For our tests, we used a Mini-ITX motherboard made by Gigabyte, equipped with an Atom 230/i945GC. The board has a single DIMM (DDR2) slot and a PCI port – which rules out using any modern graphics cards. Amusingly, the chipset (which, remember, consumes 22 W) is actively cooled, whereas the processor makes do with a simple aluminum heat sink.
Since this motherboard is intended for entry-level machines, we tried to compare two current entry-level solutions – a Pentium E2160 (1.8 GHz factory), an entry-level dual-core processor based on the Core architecture, and a Sempron 3400+ (Socket 754 in this case). The two processors were set to the same clock frequency as the Atom (1.6 GHz) for the tests. The motherboard used for the Pentium E was a GA-GM945-S2. It has the advantage of using the same chipset (or almost) as the Atom motherboard – an i945G. The motherboard used with the Sempron is Nforce4-based.
The three boards were tested with the same system – Windows XP Service Pack 2 with all the drivers up to date. We used DDR2-667 memory (1 GB) on the Intel platforms and a 1 GB DDR-400 DIMM on the Sempron. Finally, our test hard disk was a 74 GB Western Digital Raptor.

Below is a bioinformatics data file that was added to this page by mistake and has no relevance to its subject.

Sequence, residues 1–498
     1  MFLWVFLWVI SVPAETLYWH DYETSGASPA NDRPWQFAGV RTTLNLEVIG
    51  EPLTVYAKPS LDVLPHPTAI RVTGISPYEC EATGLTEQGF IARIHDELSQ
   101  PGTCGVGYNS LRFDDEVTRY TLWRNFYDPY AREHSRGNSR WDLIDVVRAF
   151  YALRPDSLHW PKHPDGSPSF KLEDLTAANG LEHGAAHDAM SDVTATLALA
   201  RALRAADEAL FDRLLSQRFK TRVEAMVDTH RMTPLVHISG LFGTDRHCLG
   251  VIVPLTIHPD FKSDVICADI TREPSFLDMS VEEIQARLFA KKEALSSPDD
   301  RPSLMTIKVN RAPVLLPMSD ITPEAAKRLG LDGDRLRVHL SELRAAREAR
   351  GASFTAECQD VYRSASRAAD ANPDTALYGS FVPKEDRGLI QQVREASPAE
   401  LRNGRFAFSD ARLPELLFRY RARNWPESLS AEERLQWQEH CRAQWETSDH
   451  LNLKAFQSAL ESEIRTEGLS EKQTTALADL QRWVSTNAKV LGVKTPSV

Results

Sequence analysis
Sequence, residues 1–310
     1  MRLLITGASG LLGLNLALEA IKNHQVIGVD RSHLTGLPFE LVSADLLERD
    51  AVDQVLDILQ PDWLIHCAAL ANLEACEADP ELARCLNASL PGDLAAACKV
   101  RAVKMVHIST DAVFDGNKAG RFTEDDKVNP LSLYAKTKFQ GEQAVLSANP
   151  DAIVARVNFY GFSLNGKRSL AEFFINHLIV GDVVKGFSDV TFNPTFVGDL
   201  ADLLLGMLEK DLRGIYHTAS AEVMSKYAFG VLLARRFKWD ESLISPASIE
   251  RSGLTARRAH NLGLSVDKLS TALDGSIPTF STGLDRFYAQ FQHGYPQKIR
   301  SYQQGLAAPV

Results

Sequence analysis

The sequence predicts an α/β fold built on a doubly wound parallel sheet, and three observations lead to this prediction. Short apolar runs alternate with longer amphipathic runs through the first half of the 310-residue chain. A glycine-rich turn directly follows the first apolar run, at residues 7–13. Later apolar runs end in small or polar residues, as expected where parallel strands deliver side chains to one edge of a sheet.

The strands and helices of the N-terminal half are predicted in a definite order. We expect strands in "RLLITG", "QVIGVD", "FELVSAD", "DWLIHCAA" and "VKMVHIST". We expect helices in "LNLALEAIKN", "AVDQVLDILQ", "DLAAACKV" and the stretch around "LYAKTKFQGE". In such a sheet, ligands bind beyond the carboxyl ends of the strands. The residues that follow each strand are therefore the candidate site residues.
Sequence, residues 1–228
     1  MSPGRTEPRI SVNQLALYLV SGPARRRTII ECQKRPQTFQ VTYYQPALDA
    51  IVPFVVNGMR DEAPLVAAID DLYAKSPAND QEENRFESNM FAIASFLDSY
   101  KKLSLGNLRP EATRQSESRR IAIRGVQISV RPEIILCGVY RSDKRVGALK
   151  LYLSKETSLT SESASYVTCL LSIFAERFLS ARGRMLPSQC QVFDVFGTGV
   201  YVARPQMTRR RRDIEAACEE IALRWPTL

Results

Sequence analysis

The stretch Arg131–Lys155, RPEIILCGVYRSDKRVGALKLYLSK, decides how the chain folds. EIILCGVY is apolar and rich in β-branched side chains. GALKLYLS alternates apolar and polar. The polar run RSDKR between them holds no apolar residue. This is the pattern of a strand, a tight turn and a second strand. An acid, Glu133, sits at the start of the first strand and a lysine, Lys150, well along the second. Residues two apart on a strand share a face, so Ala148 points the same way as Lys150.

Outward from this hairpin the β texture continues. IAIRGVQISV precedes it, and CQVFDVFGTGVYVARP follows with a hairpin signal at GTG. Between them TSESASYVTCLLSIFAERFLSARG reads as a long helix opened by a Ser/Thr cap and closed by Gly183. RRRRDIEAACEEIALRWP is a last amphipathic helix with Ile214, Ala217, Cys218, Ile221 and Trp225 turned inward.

We decided to compare the three platforms at an identical frequency, with a few practical tests and a few synthetic ones.
On Cinebench R10, the Sempron placed between the Atom and the Pentium E, though the Atom-with-HyperThreading combo proved effective (1.53 times faster with HyperThreading). Notice that the increase with the Pentium E, which actually has two cores, is not that much greater: 1.86 times faster.
With Sandra, which is a synthetic test, the difference among the three processors was impressive. The Pentium E really was faster. Note that the difference between the Atom and the Sempron may seem slight, but the tests are multithreaded and the Sempron has only one core, whereas the Pentium E has two and the Atom uses HyperThreading, which can produce significant gains.
In the 3DMark 06 and PCMark 06 CPU tests, the Pentium E had a comfortable lead, and the Sempron always placed between the Atom and the Pentium E.
In this test – a favorite with overclockers, but fundamentally not really conclusive (the code is dated and not very optimized) –, the Atom was a lot slower than its competitors.
Finally, we ran a test that consists of compressing approximately one GB of files with WinRAR. Since the Sempron uses a different memory subsystem (DDR) and a real graphics card, it doesn’t show up on this test – the comparison would have been thrown off. In practice, the difference between the two platforms was less than in the synthetic tests, but the Pentium E was still approximately twice as fast.